Question: Up until now, even these small states have consistently voted with China and against the EU in climate negotiations when push came to shove.

Annalena Baerbock: That's true to some extent. None of these states want to be dependent on a single country. Hence, we are trying to offer these island nations tangible alternatives, because it's not about them picking one side over the other. That's also why we're so welcome there. This trip, this new message – all of it is part of the plan. Trust is built over years and decades. In diplomacy, trust means getting to know each other and visiting each other. A pivotal moment for me was the COP27 in Egypt last year: right up to the end, we were aligned with the small island states, agreeing that we need to do more for climate protection and coordinate it with a new tool for damage and loss. But when it came to the crucial vote, they sided with the G77 group, which was slowing things down. Because behind the scenes, countries like China put massive pressure on many of these states, telling them: if you oppose us on climate policy now, we might oppose you on other matters when the time comes. That's precisely why it's so essential for us to have trusting relationships with the small island nations and continue to strengthen them. That's the primary objective of my foreign climate policy.

Question: A part of your China strategy is “Derisking” – i.e., reducing strategic dependency. But when it comes to climate policy, everyone is dependent on China. How does “Derisking” work when you need both confrontation and cooperation?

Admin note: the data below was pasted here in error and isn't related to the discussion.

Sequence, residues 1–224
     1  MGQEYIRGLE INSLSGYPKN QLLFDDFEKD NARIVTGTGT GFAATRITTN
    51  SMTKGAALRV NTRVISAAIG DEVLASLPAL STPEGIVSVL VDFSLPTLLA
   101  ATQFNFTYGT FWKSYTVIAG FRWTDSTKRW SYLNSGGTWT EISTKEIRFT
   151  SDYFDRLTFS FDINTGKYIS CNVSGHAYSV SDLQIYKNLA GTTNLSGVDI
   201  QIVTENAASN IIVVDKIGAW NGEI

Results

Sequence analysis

Annalena Baerbock: You're familiar with the three-pronged approach of our China strategy: we see China as competitors, systemic rivals, but also partners. We want to cooperate with China. But we want fair cooperation. And if that's not possible, we have to protect ourselves. For instance, when China wants to unfairly gain a competitive edge in technological know-how. So, the approach is: cooperate with China wherever possible, especially in the realm of climate policy. And “Derisking” – ensuring Europe's strategic sovereignty – is necessary where our security interests might be at risk.

Question: But what happens when there's an overlap: when Chinese solar panels might possibly be made using forced labor?

Annalena Baerbock: Forced labor is, of course, an absolute no-go. Our new Supply Chain Due Diligence Law prohibits German companies from using products made from forced labor in their supply chains. And I advocate that such products should not be allowed on the European market. It would be a clear market distortion against European companies that naturally adhere to international core labor standards. However, we indeed have significant dependencies on China, especially in the solar technology sector. We Europeans can't achieve our renewable energy expansion goals without cooperating with each other. At the same time, we must prevent becoming as dependent on China as we were on Russia for gas supply, where the raw material was used as a weapon. That's why we're investing a lot of money to develop, for instance, microchip and battery production in Europe and Germany.

Question: China's strength is partly due to the West's weakness. Especially when it comes to climate financing, industrialized countries are rightly accused of not keeping their promises – the unmet 0 billion by 2020 is an example. How can the trust of poorer nations in the Global North grow in this context?